EB1 Requirements

Documentation for EB1 Requirements

The EB1A green card is for aliens of extraordinary ability engaged in the arts, sciences, business, education or athletics. Many scientists, post docs, and PhD students utilize the EB1A category to self sponsor their permanent residency as no job offer or labor certification is required. The legal standard for the EB1A category is codified in INA Section 203(b)(1)(A) and states that how an applicant may qualify for EB1A classification.  The EB1 requirements are:

  1. the alien has extraordinary ability in the sciences, arts, education, business, or athletics which has been demonstrated by sustained national or international acclaim and whose achievements have been recognized in the field through extensive documentation,

  2. the alien seeks to enter the United States to continue work in the area of extraordinary ability, and

  3. the alien’s entry into the United States will substantially benefit prospectively the United States.

8 CFR Section 204.5(h)(3) states the EB1 requirements for how an applicant can show sustained national or international acclaim:

A petition for an alien of extraordinary ability must be accompanied by evidence that the alien has sustained national or international acclaim and that his or her achievements have been recognized in the field of expertise. Such evidence shall include evidence of a one-time achievement (that is, a major, internationally recognized award), or at least three of the following:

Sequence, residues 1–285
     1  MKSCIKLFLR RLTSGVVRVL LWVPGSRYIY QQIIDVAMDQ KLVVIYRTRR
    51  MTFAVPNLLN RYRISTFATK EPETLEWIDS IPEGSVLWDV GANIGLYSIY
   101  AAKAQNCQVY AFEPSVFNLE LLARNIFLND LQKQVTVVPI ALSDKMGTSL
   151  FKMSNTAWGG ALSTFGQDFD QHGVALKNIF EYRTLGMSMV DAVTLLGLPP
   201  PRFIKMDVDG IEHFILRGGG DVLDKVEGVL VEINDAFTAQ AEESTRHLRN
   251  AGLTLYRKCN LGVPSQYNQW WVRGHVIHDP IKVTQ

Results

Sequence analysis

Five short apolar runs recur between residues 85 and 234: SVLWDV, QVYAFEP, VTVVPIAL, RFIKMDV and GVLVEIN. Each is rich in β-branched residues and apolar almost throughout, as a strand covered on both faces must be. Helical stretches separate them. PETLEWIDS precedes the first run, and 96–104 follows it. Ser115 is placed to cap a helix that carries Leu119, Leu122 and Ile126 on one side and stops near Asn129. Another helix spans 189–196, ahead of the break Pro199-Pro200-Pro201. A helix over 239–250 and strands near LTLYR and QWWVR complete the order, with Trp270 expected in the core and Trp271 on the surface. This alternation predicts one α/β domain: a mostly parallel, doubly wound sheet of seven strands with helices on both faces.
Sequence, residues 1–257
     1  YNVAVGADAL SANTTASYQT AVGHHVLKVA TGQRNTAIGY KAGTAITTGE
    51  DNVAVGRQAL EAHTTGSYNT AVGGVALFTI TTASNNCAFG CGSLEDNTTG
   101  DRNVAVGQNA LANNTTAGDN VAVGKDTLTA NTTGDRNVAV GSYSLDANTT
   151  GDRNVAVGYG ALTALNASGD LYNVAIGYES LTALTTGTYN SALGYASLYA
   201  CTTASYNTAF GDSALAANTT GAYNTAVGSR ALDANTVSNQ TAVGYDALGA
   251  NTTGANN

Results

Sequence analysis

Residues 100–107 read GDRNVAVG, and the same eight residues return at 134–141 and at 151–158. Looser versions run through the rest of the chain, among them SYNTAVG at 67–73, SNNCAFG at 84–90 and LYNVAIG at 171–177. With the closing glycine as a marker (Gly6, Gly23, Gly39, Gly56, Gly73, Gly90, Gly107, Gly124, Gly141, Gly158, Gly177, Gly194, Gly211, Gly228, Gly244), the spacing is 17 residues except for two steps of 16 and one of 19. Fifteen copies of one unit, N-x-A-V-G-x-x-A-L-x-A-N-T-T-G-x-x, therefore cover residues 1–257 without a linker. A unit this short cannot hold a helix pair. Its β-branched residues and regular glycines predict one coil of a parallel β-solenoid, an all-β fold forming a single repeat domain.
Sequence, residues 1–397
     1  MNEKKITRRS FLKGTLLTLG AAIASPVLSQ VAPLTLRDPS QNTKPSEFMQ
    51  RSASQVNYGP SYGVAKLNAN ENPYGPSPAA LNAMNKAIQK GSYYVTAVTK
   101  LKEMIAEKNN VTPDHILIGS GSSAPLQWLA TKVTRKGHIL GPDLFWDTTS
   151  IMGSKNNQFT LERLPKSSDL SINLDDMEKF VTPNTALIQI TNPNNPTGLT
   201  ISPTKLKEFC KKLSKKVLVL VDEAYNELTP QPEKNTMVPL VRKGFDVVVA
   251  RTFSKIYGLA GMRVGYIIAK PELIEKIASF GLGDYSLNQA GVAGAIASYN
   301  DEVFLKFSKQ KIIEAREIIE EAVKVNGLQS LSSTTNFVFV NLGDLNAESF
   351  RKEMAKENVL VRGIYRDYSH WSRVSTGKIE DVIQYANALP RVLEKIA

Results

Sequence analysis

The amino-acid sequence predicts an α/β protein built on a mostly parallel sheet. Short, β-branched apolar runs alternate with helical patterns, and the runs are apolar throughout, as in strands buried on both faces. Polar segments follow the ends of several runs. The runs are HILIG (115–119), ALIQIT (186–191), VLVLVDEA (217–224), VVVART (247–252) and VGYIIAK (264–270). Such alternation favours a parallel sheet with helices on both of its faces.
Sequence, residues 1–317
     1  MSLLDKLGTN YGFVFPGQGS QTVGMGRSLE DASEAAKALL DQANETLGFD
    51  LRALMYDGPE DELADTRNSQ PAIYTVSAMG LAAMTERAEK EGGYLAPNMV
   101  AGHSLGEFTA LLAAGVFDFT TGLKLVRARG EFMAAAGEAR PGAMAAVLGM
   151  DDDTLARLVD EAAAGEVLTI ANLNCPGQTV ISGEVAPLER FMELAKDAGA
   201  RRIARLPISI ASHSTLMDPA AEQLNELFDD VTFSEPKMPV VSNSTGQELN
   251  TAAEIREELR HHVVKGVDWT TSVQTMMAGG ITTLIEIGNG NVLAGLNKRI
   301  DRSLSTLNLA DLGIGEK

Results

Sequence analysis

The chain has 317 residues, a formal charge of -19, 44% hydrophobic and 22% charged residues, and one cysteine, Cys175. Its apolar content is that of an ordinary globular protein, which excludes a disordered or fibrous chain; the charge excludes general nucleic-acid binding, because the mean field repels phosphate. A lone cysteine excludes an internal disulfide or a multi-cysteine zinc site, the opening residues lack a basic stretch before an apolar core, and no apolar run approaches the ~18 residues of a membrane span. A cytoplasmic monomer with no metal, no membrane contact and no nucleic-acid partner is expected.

(i) Documentation of the alien’s receipt of lesser nationally or internationally recognized prizes or awards for excellence in the field of endeavor;

(ii) Documentation of the alien’s membership in associations in the field for which classification is sought, which require outstanding achievements of their members, as judged by recognized national or international experts in their disciplines or fields;

(iii) Published material about the alien in professional or major trade publications or other major media, relating to the alien’s work in the field for which classification is sought. Such evidence shall include the title, date, and author of the material, and any necessary translation;

(iv) Evidence of the alien’s participation, either individually or on a panel, as a judge of the work of others in the same or an allied field of specialization for which classification is sought;

(v) Evidence of the alien’s original scientific, scholarly, artistic, athletic, or business-related contributions of major significance in the field;

(vi) Evidence of the alien’s authorship of scholarly articles in the field, in professional or major trade publications or other major media;

(vii) Evidence of the display of the alien’s work in the field at artistic exhibitions or showcases;

(viii) Evidence that the alien has performed in a leading or critical role for organizations or establishments that have a distinguished reputation;

(ix) Evidence that the alien has commanded a high salary or other significantly high remuneration for services, in relation to others in the field; or